What regulates cell size? The most obvious features of cells is that they come in a variety of sizes and shapes. The next most obvious feature is that generally cells of the same type, eg. blood cells, epithelial cells, liver cells are generally close in size. Within a species this is maintained. Tall people and adults have more cells not larger cells than short people or infants. The question of what maintains cell size, what causes it to vary, whether cell size is actively maintained or a passive outcome of other processes has recently been reconsidered, as an important and unsolved problem in biology. We have approached this in systems and with several approaches.
Q1. The maintenance of cell size in dividing mammalian cells. Why does the variance in size of cells in the population remain the same in the setting of size dependent growth?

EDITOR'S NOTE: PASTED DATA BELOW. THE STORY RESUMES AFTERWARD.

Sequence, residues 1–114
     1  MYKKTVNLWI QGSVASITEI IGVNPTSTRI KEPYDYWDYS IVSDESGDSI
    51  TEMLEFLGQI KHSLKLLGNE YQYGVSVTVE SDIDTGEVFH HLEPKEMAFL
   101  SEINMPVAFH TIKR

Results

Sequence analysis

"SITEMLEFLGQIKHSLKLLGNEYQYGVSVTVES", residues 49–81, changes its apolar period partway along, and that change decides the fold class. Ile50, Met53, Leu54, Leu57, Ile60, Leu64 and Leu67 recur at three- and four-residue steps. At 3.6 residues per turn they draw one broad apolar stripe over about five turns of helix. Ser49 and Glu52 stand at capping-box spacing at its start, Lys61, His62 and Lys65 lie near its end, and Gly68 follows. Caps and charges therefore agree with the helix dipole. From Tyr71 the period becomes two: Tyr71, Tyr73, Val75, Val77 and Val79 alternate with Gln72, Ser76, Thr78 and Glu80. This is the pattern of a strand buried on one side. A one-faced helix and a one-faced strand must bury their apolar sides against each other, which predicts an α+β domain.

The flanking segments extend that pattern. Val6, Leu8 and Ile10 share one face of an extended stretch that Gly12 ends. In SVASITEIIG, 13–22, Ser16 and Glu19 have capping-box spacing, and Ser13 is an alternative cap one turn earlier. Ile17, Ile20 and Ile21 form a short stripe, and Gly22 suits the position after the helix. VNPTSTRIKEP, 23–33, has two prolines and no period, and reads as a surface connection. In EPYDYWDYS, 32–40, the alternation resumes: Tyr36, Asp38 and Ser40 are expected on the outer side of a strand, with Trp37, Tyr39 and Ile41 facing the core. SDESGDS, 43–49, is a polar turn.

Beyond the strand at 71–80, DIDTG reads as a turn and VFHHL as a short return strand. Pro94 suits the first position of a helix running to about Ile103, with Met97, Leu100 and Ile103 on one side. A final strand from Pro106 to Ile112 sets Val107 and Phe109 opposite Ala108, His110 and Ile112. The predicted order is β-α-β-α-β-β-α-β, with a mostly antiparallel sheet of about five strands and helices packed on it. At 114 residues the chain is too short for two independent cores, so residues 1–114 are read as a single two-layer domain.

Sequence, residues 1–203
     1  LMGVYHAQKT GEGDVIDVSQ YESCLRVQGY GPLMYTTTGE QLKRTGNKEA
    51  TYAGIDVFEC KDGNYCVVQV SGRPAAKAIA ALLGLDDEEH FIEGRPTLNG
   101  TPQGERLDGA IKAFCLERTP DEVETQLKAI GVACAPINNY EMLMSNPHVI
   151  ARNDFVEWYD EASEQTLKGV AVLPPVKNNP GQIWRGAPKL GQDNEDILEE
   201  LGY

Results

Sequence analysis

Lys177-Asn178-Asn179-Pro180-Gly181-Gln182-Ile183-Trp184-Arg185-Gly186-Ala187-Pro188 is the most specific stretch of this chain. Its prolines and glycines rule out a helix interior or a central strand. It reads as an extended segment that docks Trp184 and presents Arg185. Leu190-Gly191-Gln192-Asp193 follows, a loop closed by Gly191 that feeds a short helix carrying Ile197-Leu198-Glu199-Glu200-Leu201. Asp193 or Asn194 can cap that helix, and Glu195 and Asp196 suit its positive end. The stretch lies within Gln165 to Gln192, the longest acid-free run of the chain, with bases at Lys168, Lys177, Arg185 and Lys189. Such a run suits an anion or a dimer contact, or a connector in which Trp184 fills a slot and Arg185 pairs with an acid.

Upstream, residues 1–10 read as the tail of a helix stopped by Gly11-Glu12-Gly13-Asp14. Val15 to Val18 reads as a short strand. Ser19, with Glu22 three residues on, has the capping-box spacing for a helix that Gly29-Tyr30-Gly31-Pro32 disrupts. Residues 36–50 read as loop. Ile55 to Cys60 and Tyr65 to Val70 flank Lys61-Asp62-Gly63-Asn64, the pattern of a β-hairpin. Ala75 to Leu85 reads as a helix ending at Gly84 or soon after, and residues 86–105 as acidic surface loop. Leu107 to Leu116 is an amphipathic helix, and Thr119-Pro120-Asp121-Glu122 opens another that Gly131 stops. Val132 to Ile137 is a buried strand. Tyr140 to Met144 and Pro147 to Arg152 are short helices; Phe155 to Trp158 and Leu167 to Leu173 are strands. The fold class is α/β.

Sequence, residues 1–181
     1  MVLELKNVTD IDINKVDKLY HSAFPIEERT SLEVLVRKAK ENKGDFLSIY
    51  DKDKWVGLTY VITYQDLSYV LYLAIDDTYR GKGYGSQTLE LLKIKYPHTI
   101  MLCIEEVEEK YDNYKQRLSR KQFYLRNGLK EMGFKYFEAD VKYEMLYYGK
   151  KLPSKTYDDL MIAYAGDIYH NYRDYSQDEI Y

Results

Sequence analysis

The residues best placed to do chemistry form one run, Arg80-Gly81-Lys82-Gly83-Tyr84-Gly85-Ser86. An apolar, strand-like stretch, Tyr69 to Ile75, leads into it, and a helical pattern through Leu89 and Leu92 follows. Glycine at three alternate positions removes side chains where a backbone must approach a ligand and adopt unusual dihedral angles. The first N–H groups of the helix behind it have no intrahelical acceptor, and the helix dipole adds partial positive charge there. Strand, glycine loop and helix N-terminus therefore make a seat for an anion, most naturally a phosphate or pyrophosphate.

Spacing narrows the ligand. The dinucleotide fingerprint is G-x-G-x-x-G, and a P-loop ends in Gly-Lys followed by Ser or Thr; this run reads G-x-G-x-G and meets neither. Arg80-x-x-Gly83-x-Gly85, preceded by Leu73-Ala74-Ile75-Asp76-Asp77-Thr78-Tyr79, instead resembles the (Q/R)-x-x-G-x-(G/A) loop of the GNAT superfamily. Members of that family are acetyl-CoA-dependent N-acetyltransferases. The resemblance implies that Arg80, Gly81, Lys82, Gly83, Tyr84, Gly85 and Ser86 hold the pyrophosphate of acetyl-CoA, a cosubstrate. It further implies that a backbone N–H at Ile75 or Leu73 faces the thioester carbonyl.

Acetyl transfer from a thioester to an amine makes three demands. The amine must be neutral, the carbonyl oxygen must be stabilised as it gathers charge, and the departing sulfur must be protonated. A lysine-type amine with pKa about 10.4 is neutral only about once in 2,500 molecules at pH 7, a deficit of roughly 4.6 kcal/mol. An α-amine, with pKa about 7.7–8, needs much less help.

Q2. What signaling pathways do cells use to control their size?
Q3. Is there a requisite linkage between growth rate and division rate or can that linkage be undermined by specific drugs.
To answer these questions we have co-developed, developed and collaborated on a number of new mathematical and biophysical methods, such as SMR (single microchannel resonator) with Scott Manlis at MIT, stimulated Raman spectroscopy with Sunney Xie (Harvard), quantitative phase microscopy, and ergodic rate analysis. These give very accurate measures of size, mass density, rates of growth, rates of protein synthesis and rates of protein degradation. We have shown that there is a feedback that maintains the size distribution of cells and that the feedback acts on the rate of passage through the cell cycle and on the rate of protein accumulation. We have a particular interest in the Tor pathway and the Hippo pathway.